Business Overview

This is a 25 year success story of a construction company specializing in new & reconstruction, renovation of concrete pools. Selective new pool construction. Because the company concentrates on this niche, it has earned an outstanding reputation in its service geography. This specialization also provides a tremendous growth opportunity that can be discussed further at the right time. The ideal buyer is full-service pool construction &/or service company &/or a landscaping business.

The key ingredient is a buyer who wants to grow using this company as a growth vehicle

Financial

  • Asking Price: N/A
  • Cash Flow: $428,000
  • Gross Revenue: $2,372,000
  • EBITDA: $294,000
  • FF&E: N/A
  • Inventory: N/A
  • Inventory Included: N/A
  • Established: 1995

Detailed Information

  • Property Owned or Leased:Own
  • Property Included:N/A
  • Building Square Footage:N/A
  • Lot Size:N/A
  • Total Number of Employees:15
  • Furniture, Fixtures and Equipment:N/A
About The Facility:

Construction company office includes small showroom from which pool owners can select their pool facing. There are also 3 "out-buildings" "bays" used for storage. Property is fenced with room to park company trucks and other construction equipment

Is Support & Training Included:

The Seller will discuss Support and Training on a case by case basis, depending on the experience of the Buyer

Purpose For Selling:

The Seller has been in the pool business 35+ years, including the 25 years ownin

Pros and Cons:

There is competition in this market, like any market. But no one in this market is a niche construction company with 99% of the work done by the company employees, not sub-contractors. Even in the rare cases that a function within a total job is done by a sub-contractor, that work is supervised by a company employee. The strength of this company’s reputation is that all work comes from referrals. No marketing. No advertising

Opportunities and Growth:

The strength of this niche pool reconstruction, renovation company and its concentration in one geographic market, with a well-trained employee work force, represents a tremendous growth opportunity for the right buyer. The ideal buyer will want to grow capitalizing on this 25+ year reputation and an excellent, well trained work force.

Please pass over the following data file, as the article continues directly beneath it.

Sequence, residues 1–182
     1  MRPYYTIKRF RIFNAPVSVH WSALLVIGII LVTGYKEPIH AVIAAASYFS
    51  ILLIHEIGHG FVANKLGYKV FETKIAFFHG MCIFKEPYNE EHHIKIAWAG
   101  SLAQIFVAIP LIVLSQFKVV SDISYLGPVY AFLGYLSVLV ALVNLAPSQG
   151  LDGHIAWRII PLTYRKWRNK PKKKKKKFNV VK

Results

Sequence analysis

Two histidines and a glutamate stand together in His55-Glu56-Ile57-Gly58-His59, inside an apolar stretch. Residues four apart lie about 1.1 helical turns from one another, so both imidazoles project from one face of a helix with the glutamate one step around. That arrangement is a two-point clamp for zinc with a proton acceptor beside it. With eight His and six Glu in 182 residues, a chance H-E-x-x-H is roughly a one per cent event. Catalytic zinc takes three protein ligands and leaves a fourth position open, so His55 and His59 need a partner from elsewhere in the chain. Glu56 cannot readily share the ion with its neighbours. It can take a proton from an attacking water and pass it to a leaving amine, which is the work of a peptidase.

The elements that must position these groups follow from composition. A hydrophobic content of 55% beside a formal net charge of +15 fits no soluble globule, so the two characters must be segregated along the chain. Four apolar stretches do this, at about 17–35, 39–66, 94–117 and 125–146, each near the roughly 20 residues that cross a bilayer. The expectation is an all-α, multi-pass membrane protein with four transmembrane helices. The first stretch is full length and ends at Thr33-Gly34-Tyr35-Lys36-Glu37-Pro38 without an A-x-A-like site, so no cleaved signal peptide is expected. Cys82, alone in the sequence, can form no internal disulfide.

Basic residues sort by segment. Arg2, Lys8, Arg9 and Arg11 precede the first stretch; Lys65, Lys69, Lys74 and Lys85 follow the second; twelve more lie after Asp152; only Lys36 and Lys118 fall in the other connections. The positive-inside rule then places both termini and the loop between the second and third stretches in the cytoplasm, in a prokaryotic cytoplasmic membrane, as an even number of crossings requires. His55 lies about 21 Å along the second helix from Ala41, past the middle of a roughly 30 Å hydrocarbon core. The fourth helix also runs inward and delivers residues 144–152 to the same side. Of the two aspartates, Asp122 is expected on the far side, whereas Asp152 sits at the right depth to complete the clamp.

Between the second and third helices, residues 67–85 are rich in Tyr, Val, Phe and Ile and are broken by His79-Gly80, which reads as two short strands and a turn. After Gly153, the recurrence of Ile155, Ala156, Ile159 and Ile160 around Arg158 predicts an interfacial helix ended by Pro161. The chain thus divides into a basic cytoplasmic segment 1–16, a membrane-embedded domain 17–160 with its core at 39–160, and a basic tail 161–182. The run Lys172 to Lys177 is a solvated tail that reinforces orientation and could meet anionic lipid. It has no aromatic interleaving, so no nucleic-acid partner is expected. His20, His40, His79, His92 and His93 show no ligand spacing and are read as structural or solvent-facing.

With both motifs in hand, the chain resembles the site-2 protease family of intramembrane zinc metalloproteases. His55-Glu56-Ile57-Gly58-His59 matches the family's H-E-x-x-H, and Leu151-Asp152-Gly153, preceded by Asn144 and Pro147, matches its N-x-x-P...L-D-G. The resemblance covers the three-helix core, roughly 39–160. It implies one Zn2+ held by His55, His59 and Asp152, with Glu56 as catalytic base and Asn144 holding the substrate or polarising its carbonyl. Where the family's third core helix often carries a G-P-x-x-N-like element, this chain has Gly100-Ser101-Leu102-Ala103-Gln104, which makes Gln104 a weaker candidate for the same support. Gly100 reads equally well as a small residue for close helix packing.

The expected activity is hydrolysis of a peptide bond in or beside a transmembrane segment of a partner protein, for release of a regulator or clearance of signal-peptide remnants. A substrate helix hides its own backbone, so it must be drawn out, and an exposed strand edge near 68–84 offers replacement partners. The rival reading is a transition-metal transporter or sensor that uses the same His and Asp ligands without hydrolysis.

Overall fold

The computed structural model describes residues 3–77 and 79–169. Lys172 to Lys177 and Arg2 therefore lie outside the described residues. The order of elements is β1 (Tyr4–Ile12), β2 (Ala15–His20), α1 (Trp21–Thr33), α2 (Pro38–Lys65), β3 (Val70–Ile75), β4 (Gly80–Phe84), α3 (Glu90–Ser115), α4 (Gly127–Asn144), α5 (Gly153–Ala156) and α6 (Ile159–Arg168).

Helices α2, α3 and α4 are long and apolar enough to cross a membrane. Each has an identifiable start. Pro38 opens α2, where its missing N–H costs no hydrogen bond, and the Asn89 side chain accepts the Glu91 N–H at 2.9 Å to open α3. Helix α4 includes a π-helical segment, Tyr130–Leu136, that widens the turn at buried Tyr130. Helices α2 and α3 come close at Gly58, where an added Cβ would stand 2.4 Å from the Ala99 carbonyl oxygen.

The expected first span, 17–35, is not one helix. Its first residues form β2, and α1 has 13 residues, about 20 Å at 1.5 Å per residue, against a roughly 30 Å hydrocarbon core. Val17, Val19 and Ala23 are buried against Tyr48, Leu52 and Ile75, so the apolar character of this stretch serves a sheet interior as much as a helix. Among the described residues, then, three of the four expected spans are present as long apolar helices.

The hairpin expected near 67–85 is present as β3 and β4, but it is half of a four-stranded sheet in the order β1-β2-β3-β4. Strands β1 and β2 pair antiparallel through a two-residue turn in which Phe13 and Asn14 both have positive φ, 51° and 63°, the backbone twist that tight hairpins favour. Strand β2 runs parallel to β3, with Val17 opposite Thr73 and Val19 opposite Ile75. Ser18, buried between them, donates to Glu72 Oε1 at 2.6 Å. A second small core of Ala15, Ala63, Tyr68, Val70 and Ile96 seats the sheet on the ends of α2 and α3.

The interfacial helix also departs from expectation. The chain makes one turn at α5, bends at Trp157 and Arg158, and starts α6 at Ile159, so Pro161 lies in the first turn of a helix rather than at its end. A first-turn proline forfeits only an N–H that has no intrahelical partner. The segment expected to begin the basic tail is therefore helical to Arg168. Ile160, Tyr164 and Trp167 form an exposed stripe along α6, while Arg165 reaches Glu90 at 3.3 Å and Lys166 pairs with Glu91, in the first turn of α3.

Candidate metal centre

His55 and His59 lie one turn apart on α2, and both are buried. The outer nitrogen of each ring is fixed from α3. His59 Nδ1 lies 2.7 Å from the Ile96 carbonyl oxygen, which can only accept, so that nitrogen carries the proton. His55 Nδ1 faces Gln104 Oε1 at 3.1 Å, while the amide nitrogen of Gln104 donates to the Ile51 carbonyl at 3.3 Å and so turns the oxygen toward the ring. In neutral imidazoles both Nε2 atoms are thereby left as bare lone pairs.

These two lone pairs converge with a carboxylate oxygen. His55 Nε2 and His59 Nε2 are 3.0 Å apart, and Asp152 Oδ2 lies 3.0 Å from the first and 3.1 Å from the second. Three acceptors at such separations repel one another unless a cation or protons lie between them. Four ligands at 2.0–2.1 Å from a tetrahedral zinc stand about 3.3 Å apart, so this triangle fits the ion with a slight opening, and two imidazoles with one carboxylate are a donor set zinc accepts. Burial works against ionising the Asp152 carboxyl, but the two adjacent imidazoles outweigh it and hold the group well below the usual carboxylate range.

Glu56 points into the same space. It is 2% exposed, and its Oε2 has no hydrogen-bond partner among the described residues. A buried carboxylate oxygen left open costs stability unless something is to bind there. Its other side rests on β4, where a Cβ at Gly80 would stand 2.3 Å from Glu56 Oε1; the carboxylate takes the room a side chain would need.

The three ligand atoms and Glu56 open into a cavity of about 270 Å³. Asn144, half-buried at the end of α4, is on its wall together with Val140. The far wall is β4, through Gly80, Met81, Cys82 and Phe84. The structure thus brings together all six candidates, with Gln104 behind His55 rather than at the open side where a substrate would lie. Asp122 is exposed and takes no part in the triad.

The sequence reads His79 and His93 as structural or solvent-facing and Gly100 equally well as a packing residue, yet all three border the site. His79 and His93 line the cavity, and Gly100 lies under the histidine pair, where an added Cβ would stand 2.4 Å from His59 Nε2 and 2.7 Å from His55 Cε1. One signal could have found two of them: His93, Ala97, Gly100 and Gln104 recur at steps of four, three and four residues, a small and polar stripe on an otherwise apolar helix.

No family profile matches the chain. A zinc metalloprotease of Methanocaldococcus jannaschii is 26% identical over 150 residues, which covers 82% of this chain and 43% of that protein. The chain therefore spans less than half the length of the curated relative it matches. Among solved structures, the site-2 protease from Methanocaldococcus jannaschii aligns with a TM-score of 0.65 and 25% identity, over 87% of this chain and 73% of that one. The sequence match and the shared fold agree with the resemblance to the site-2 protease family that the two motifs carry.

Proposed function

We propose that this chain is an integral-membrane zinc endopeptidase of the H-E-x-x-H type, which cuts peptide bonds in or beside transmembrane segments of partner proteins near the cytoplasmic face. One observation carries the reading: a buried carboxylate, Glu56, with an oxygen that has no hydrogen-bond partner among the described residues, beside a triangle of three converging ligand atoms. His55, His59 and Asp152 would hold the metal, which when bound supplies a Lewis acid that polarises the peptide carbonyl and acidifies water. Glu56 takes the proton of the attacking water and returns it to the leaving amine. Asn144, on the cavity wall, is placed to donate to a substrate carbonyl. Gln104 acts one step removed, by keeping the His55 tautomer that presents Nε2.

Additional Info

The company was started in 1995, making the business 27 years old.

The business has 15 employees and is situated in a building with approx. square footage of N/A sq ft.

Why is the Current Owner Selling The Business?

There are all types of reasons people choose to sell businesses. Nonetheless, the true factor and the one they say to you might be 2 entirely different things. As an example, they may say "I have too many various responsibilities" or "I am retiring". For numerous sellers, these factors are valid. However, for some, these may just be justifications to try to conceal the reality of transforming demographics, increased competition, current reduction in earnings, or an array of other reasons. This is why it is extremely important that you not rely entirely on a vendor's word, yet instead, make use of the seller's response along with your total due diligence. This will repaint a much more realistic image of the business's existing circumstance.

Existing Debts and Future Obligations

If the current company is in debt, which many businesses are, then you will certainly have reason to consider this when valuating/preparing your offer. Numerous businesses take out loans with the purpose of covering points like supplies, payroll, accounts payable, and so on. Keep in mind that sometimes this can suggest that revenue margins are too small. Lots of organisations fall into a revolving door of taking on debt as a way to pay back other loans. Along with debts, there may additionally be future commitments to think about. There may be an outstanding lease on equipment or the building where the business resides. The business may have existing agreements with vendors that need to be met or may lead to penalties if terminated early.

Understanding the Customer Base, Competition and Area Demographics

Exactly how do companies in the location draw in new consumers? Most times, companies have repeat customers, which develop the core of their everyday revenues. Certain aspects such as brand-new competitors sprouting up around the area, roadway building, and personnel turn over can affect repeat customers as well as negatively influence future incomes. One vital thing to think about is the area of the business. Is it in a very trafficked shopping mall, or is it hidden from the highway? Clearly, the more people that see the business regularly, the better the chance to construct a returning consumer base. A final idea is the general area demographics. Is the business located in a densely inhabited city, or is it located on the edge of town? Exactly how might the neighborhood typical house income influence future revenue potential?